2019 Volvo European Championship, jornada de limpieza en la previa del campeonato.

Fuente info 49er & Nacra 17 Sailing

Chesil – the Most Famous Beach We Have Ever Cleaned

The 49er, 49erFX, and Nacra 17 sailors assembled again ahead of the 2019 Volvo European Championship to spend some time cleaning up a local beach to the club we were at. Joined by our partners for the Europeans, the RYA and Volvo Car UK, our partners in sustainability Parley.tv and The Final Straw Solent, we got a chance to give back to the region we’re visiting and bond over taking care of the environment.

Chesil Beach is a unique ecosystem, with an estimated 180 BILLION fist size pebbles over 18 miles protecting the Dorset coast from the open Atlantic Ocean, it’s unlike any other beach. A brief lecture from the Chesil Beach center let us know the unique birds and pond life we might be helping. A lecture from The Final Straw showed us alternative products that are available to reduce use of plastic, like bamboo tooth brushes and even tooth paste that comes in a bar instead of a plastic tube. We then set out to collect all the rubbish we could in the blustery but sunny conditions.

As the class manager of 49er and Nacra 17 sailing, I am concerned about the environment, so was thrilled when Yago Lange (ARG) approached me with the initiative to start giving back ahead of all our events. He’s been the driving force behind the #Sailors4theSea movement, which is catching on quickly. I have to admit though, that I was a little bit cynical about whether we could make an impact, and it felt a little bit like if plastic is taken from a beach, but it wasn’t caught on Instagram, did it really happen?

Both in Palma and now in Weymouth, along with my fellow sailors, I headed out to lend a hand, and somewhat surprisingly, I’m hooked on the concept. Not only is there rubbish everywhere once you start looking for it, but it’s an extra hour to spend on a beach, which is always a good thing. It’s a chance to chat with friends in a relaxed but purposeful way. It’s a way to explore new areas, and look in detail at exactly where I’m standing. I really recommend trying it, as it’s almost therapeutic. No phones, no complexity, just walking and cleaning with the waves crashing and sun shining.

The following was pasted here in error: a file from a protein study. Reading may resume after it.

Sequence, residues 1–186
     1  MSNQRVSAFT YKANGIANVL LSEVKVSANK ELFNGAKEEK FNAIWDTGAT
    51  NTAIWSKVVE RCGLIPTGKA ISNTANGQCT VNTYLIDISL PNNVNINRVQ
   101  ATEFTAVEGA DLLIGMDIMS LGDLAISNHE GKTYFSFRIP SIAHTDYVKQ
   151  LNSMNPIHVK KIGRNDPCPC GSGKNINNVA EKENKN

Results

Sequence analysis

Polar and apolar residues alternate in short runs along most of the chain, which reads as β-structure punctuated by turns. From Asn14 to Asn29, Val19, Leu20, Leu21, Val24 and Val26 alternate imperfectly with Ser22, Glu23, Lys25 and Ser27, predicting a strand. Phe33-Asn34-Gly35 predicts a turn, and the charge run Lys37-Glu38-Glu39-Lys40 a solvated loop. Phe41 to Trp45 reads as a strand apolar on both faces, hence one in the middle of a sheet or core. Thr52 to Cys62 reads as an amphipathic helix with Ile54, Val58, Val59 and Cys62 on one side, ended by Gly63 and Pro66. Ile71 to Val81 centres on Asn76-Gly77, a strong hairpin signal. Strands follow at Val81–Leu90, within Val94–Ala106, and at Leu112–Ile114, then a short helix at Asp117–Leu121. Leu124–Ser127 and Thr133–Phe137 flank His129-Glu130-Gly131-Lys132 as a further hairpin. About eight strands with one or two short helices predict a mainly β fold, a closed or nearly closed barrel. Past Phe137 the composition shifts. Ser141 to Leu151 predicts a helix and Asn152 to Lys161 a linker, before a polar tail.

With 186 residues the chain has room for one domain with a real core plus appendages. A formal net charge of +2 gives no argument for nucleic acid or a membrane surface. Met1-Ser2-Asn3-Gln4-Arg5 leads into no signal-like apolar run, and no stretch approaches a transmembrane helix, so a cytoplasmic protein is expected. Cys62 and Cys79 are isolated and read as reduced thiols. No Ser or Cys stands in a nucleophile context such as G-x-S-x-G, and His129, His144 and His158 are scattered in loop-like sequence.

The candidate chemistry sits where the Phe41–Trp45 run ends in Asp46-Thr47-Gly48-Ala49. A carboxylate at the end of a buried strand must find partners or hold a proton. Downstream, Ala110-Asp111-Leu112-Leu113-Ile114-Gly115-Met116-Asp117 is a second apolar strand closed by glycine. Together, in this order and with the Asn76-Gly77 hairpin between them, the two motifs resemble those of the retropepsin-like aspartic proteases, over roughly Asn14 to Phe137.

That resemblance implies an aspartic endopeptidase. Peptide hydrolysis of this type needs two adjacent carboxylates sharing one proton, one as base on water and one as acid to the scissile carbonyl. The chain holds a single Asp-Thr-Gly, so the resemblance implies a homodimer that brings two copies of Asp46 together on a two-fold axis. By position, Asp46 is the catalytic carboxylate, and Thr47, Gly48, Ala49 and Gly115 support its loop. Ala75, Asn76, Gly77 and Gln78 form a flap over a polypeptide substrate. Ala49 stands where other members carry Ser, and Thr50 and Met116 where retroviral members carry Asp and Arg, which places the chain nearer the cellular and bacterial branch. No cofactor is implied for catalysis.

I know it’s not just me either. This is a voluntary initiative of the class, nobody is taking attendance or taking names. But as I looked around at World Champions, medalists, and newcomers all joining in together, it’s easy to see the fleet really cares about this. Earlier this week the 470 class and the Finn class also did their own beach cleans ahead of their Euros.

As a group we managed to collect a fair load of rubbish, which is both satisfying and frightening at the same time. There simply is so much to pick up, but Rome wasn’t built in a day, so we’ll continue these beach cleans and continue to encourage you all to join in when we’re in your neighborhood, and maybe some of you will take a walk down your local beach or car park to do the same.

Thanks to the RYA for using this beach clean to kick off their own sustainability programs. Thanks to Volvo for pledging to use 25% recycled plastic in their cars by 2025, which is very soon by automotive standards. Thanks to all the NGO’s out there fighting to protect our oceans from the plastic menace we’ve created. Parley help focus us on AIR – Avoid – Intercept – Redesign. We managed to do a little bit on all three fronts, and every little bit helps. #Sailors4theSea

2 pensamientos en “2019 Volvo European Championship, jornada de limpieza en la previa del campeonato.

  1. Me gusta la iniciativa, aplaudo el esfuerzo de los deportistas pero me causa una sensación de que algo no funciona.

    Es curioso que los clubes y federaciones organicen campeonatos cobrando una inscripción (no es barata precisamente) y que los que pagaron por participar le hagan “el feo” al organizador limpiándole su casa. Es como si voy a supermercado de compras y además de pagar los artículos tengo que limpiar. ¿Acaso el resto del año no se mantienen limpias esas zonas? ¿Ni siquiera lo limpian para un evento de tal magnitud? ¿Por qué los habitantes no lo tienen limpio? Es un poco vergonzoso este tema desde el punto de vista del organizador.

    Y lo que más me fascina es que después de pasarme los años separando la basura, Volvo solamente sea capaz de comprometerse a utilizar un 25% de plástico reciclado en 2025, ¿cuánto plástico reciclado utiliza ahora? ¿Por qué no utiliza ya ese 25%? ¿Por qué no utiliza ya el 50%? ¿Por qué no utiliza ya el 75%? ¿Y el 100%? ¿A dónde va todo el plástico que se echa en el contenedor de reciclaje?

    Ésto pinta mal…

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